Science Of Bat Rolling
Science – Bat Rolling
What is a Composite Bat
Composite bats are made of a carbon fiber, graphite and other composite materials. They are held together by laminate glues. These bats have been used and accepted in softball and baseball for the last 15 or so years.
Breaking in Period
Those that have played softball or baseball know that a composite bat in not ” hot out of the wrapper “. It takes upwards to a full season to get it broken in to its maximum performance.
The Science of Bat Rolling was studied by professors of Washington State University. The documented results clearly show that the bats get much hotter after they are rolled.
Advantages of a rolled bat
- Adds 20 – 50 feet of distance to a well hit ball
- Can increase the life of the bat
- Allows a player to hit a bat to its maximum hitting potential, instantly out of the wrapper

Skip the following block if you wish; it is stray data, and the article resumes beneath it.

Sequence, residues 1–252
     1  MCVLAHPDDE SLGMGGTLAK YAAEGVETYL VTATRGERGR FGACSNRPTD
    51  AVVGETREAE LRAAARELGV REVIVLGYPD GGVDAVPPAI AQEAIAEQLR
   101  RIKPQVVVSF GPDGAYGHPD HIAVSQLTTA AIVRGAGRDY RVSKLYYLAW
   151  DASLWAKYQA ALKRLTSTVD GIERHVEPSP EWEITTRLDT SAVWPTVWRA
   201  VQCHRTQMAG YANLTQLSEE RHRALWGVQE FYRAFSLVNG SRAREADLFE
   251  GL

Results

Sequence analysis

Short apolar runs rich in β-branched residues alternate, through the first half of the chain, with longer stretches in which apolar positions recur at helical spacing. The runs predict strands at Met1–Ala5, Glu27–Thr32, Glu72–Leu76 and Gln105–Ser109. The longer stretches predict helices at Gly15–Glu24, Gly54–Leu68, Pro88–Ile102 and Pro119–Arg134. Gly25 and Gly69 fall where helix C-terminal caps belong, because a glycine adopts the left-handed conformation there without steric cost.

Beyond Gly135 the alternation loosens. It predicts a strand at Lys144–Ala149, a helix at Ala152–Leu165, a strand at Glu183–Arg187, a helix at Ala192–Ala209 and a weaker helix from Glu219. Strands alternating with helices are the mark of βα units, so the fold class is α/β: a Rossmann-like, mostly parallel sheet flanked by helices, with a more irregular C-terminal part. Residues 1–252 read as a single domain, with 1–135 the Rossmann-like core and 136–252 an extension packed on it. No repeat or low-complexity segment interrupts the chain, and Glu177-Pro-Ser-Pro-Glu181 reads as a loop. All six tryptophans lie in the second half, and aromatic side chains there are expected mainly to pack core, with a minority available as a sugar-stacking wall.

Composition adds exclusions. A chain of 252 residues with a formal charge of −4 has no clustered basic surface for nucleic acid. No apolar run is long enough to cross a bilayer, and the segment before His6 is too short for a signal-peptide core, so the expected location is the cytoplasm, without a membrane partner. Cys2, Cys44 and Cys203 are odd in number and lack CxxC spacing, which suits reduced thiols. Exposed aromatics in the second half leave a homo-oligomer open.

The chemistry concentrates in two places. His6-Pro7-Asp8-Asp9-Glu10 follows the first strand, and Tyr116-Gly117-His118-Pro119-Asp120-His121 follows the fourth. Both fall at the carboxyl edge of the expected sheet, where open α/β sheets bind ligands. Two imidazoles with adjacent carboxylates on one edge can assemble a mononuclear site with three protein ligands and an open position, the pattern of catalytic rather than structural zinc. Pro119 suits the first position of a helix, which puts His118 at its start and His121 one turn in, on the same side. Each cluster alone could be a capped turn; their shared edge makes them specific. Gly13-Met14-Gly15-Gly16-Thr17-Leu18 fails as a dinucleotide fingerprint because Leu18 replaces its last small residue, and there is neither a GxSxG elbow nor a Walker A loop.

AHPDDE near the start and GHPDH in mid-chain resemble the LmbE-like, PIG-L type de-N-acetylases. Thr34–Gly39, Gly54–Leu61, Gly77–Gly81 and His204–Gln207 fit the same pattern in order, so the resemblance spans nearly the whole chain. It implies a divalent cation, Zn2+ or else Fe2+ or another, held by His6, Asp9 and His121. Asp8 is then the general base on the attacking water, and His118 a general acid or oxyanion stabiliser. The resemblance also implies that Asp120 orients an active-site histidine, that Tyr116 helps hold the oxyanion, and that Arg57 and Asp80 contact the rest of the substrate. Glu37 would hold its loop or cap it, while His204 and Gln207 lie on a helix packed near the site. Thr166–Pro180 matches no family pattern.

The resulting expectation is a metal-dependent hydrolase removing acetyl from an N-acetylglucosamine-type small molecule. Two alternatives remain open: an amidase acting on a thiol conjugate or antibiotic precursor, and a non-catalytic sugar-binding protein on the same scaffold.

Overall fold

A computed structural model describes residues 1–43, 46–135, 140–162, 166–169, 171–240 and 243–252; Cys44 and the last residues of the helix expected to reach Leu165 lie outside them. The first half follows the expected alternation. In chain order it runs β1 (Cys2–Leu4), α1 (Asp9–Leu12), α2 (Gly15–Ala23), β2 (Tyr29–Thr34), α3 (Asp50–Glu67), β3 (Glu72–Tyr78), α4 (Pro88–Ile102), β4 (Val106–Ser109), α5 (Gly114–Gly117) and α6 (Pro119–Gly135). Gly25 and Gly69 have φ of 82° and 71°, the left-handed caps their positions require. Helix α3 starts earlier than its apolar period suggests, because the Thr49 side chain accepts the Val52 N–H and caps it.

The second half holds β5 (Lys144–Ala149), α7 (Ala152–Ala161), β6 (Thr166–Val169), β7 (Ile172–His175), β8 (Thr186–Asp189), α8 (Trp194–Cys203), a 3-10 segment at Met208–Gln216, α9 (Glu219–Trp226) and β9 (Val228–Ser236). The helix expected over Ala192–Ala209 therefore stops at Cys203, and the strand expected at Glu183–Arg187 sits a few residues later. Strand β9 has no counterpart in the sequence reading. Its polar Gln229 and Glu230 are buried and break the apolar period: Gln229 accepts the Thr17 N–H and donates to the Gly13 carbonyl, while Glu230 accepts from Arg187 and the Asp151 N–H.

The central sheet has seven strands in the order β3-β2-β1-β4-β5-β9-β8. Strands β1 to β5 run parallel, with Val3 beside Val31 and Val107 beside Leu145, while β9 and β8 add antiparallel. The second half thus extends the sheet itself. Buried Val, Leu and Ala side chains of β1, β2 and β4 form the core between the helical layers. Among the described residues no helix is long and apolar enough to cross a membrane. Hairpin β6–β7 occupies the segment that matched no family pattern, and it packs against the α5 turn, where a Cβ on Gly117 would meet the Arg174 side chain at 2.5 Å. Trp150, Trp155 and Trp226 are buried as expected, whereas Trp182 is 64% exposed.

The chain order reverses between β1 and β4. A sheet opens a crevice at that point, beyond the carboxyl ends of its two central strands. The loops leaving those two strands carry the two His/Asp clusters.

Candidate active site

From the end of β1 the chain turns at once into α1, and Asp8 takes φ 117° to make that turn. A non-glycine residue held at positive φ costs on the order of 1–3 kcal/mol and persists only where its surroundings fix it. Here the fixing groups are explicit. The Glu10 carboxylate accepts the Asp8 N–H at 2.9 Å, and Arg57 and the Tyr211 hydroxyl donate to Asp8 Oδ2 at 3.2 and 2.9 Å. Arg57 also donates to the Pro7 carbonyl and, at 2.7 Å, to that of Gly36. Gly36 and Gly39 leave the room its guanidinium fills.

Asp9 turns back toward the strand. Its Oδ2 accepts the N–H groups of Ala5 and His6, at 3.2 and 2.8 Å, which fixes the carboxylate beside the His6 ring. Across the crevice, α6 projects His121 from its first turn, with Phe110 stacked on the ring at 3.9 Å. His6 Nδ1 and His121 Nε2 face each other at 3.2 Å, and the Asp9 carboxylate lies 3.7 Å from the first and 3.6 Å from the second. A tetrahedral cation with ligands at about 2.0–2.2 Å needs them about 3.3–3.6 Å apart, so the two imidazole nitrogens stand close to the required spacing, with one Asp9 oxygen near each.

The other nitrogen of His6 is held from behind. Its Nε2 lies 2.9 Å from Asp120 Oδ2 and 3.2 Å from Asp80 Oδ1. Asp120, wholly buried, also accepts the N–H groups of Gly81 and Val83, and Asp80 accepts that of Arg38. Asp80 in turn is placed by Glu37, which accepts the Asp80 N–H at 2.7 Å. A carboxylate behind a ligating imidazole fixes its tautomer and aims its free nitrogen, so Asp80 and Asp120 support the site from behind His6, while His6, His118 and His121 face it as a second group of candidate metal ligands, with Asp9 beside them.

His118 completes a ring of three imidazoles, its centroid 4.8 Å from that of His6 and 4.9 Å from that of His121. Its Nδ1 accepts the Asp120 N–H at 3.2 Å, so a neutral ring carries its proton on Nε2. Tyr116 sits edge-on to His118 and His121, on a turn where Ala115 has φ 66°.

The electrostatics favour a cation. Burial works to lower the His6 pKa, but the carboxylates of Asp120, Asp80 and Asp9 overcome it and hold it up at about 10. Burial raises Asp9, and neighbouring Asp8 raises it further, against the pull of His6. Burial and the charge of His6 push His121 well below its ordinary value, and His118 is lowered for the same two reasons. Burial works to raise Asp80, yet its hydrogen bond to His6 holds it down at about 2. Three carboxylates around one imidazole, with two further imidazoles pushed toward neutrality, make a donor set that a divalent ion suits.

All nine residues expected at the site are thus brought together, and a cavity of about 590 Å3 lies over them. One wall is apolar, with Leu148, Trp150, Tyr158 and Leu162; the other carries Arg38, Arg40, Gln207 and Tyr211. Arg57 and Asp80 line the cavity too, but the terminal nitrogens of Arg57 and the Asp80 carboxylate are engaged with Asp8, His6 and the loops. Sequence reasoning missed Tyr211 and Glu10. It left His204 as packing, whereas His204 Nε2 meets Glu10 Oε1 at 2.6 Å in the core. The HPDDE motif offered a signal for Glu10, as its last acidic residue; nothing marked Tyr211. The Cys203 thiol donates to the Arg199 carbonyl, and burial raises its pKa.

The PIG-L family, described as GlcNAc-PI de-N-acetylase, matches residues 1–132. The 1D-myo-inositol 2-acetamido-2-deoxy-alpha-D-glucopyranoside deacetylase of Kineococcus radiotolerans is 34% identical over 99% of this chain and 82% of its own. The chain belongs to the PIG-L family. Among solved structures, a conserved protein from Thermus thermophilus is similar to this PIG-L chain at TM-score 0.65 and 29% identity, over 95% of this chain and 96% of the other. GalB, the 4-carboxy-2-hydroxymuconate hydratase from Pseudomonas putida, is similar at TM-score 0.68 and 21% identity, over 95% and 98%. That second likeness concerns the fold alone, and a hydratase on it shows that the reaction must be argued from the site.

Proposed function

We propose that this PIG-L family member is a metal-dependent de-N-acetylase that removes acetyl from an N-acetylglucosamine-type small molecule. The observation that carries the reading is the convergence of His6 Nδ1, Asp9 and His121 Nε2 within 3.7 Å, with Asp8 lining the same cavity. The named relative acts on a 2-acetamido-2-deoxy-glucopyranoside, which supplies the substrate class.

How The Bats Are Made
Composite bats are made up of fiber cloth and glues. Layers of cloth are stacked with the glues and then heated to high temperatures. Once the bats are cooled, they become very solid and rigid.
When the bats are placed between the special rollers of our machines. The rollers turn under compression and loosen up the fibers from the glues. Once loose, the fibers act as a spring board. The bat now has a trampoline effect which launches the balls further.
The results can be dramatic. It can be the difference between outs in the outfield or circling the bases